- WIST is my personal collection of quotations, curated for thought, amusement, turn of phrase, historical significance, or sometimes just (often-unintentional) irony. Please feel free to browse and borrow.
- 17,190 quotes and counting ...
Topic Cloudaction age America argument belief change character courage death democracy education ego evil faith fear freedom future God government happiness history humanity integrity justice leadership liberty life love morality perspective politics poverty power reality religion science society success truth tyranny virtue war wealth wisdom writing
- I've been adding topics/tags since 2014, so not all quotes have been given one. Full topic list.
- * Visual quotes (graphics, memes) only
- “Wealth and Poverty,” speech, National… (6,346)
- “The Lesson for Today,” A Witness Tree (1942) (5,775)
- Agamemnon, ll. 175-183 [tr. Johnston (2007)] (5,630)
- Nobel prize acceptance speech (10 Dec 1962) (4,861)
- “The Triumph of Stupidity” (10 May 1933) (4,760)
- “On The Conduct of Life” (1822) (3,881)
- “In Search of a Majority,” Speech,… (3,785)
- “Get a Knife, Get a Dog, but Get Rid of… (3,643)
- “The Historian as Participant,” Daedalus… (3,050)
- “Hallowed Ground” (1825) (3,027)
Most Quoted Authors
Author CloudAdams, John • Bacon, Francis • Bible • Bierce, Ambrose • Billings, Josh • Butcher, Jim • Chesterton, Gilbert Keith • Churchill, Winston • Einstein, Albert • Eisenhower, Dwight David • Emerson, Ralph Waldo • Franklin, Benjamin • Fuller, Thomas (1654) • Gaiman, Neil • Galbraith, John Kenneth • Gandhi, Mohandas • Goethe, Johann von • Hazlitt, William • Heinlein, Robert A. • Hoffer, Eric • Huxley, Aldous • Ingersoll, Robert Green • James, William • Jefferson, Thomas • Johnson, Lyndon • Johnson, Samuel • Kennedy, John F. • King, Martin Luther • La Rochefoucauld, Francois • Lewis, C.S. • Lincoln, Abraham • Mencken, H.L. • Orwell, George • Pratchett, Terry • Roosevelt, Eleanor • Roosevelt, Theodore • Russell, Bertrand • Seneca the Younger • Shakespeare, William • Shaw, George Bernard • Stevenson, Adlai • Stevenson, Robert Louis • Twain, Mark • Watterson, Bill • Wilde, Oscar
- Only the 45 most quoted authors are shown above. Full author list.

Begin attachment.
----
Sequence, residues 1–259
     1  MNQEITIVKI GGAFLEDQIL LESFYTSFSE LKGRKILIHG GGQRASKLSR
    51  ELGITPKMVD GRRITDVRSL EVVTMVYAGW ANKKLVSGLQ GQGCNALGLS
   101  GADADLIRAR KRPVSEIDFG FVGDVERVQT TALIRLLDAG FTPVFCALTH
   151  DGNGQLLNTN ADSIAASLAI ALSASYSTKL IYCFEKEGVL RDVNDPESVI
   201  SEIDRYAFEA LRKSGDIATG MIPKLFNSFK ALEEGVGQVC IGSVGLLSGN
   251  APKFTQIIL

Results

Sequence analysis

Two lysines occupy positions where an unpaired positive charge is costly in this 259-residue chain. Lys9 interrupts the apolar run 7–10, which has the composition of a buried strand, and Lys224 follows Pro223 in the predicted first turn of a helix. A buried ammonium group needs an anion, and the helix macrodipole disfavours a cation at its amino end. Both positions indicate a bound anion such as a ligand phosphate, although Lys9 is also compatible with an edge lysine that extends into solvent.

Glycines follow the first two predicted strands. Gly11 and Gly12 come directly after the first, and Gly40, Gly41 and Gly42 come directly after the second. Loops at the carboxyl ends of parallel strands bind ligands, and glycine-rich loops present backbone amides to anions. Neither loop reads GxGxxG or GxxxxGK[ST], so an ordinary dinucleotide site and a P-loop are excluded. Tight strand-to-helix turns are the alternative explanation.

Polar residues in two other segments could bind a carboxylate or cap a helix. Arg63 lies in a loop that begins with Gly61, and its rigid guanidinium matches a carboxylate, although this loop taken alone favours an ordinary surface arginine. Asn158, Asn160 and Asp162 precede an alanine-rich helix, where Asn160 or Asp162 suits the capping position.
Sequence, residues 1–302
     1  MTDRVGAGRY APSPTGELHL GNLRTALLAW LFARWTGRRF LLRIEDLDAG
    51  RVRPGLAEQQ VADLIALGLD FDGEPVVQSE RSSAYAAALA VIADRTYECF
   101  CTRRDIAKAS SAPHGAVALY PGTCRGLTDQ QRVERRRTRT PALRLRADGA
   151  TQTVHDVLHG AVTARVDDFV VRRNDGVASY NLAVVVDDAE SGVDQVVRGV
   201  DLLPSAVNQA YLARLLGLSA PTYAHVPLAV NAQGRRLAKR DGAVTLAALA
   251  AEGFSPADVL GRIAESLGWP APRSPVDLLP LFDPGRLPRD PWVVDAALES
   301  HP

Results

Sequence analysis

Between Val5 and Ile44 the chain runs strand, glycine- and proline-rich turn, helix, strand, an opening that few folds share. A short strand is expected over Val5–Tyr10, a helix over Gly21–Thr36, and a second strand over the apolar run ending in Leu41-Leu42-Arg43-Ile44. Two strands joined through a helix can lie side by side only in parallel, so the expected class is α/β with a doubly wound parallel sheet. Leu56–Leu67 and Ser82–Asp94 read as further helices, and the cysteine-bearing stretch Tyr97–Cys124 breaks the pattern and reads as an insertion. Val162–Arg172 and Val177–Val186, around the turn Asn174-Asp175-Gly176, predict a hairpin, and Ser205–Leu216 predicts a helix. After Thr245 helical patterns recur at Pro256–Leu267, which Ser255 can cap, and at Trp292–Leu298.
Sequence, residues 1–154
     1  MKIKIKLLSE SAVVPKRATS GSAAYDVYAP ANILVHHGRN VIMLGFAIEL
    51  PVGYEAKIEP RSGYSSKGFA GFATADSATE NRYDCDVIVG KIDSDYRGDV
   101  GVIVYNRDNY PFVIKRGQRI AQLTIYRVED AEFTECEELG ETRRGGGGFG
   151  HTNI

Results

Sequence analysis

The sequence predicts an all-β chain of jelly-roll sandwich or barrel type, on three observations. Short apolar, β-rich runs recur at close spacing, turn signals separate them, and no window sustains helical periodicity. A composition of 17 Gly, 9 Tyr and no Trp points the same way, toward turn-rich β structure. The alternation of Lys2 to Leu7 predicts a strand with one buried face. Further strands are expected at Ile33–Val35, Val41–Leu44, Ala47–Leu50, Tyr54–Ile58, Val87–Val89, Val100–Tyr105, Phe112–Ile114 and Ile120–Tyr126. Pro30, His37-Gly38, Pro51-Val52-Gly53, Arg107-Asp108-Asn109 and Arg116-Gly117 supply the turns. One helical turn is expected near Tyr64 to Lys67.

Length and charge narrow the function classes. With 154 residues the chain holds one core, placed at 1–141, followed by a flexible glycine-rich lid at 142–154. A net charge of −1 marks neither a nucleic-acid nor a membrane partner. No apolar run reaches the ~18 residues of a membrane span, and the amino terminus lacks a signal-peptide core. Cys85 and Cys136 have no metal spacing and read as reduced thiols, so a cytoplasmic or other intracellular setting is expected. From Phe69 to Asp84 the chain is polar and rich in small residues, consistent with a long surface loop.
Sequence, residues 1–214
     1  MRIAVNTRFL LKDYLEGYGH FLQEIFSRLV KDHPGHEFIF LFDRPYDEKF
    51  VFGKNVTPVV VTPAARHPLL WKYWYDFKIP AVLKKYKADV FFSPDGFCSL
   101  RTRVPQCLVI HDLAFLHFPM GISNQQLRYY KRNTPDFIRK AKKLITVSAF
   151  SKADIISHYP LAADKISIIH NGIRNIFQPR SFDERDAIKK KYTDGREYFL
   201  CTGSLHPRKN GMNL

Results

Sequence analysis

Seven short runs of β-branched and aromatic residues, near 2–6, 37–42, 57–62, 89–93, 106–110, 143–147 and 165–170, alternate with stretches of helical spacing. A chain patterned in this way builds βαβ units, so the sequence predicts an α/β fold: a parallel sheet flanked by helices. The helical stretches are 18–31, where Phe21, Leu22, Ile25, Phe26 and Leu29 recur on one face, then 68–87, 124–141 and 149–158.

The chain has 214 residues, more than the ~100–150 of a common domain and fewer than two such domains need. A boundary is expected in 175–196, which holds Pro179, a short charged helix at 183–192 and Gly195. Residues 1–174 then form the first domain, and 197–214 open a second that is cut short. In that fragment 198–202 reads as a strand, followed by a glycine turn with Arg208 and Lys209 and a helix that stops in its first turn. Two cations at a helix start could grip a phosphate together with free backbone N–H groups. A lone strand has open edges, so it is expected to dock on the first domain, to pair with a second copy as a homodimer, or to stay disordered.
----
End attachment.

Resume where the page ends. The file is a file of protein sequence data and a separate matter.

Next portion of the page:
- 20-May-20 - Introduction to the Art of Thinking, ch. 1, "Friendship" (1761) | WIST on John 15:13 (KJV).
- 18-May-20 - Chamblee54 on Clouds, ll. 998-999 (423 BC) [tr. Athenian Soc. (1912)].
- 18-May-20 - Chamblee54 on Mills E. Godwin, Governor of Virginia (Dec 1966).
- 11-May-20 - Chamblee54 on “Indian Summer,” Enough Rope (1926).
- 1-May-20 - Quoted in The Observer (17 Mar 1985) | WIST on Robert J. Hanlon, “Hanlon’s Razor,” Murphy’s Law, Book Two (ed. A. Bloch) (1980).
- 1-May-20 - Grow, Grow – Traditional Iconoclast on Midrash Rabba, Bereshit 10:6.
Quotations about united nations
Note that not all quotations have been tagged, so the Search function may find additional quotations on this topic.
It is no longer a choice, my friends, between violence and nonviolence. It is either nonviolence or nonexistence. And the alternative to disarmament, the alternative to a greater suspension of nuclear tests, the alternative to strengthening the United Nations and thereby disarming the whole world, may well be a civilization plunged into the abyss of annihilation, and our earthly habitat would be transformed into an inferno that even the mind of Dante could not imagine.
“Remaining Awake Through a Great Revolution,” National Cathedral, Washington, DC (31 Mar 1968)
Added on 14-Oct-16 | Last updated 14-Oct-16
| No comments
| No comments
It would be some time before I fully realized that the United States sees little need for diplomacy; power is enough. Only the weak rely on diplomacy. This is why the weak are so deeply concerned with the democratic principle of the sovereign equality of states, as a means of providing some small measure of equality for that which is not equal in fact. Coming from a developing country, I was trained extensively in international law and diplomacy and mistakenly assumed that the great powers, especially the United States, also trained their representatives in diplomacy and accepted the value of it. But the Roman Empire had no need for diplomacy. Nor does the United States. Diplomacy is perceived by an imperial power as a waste of time and prestige and a sign of weakness.
Added on 18-Mar-15 | Last updated 18-Mar-15
| No comments
| No comments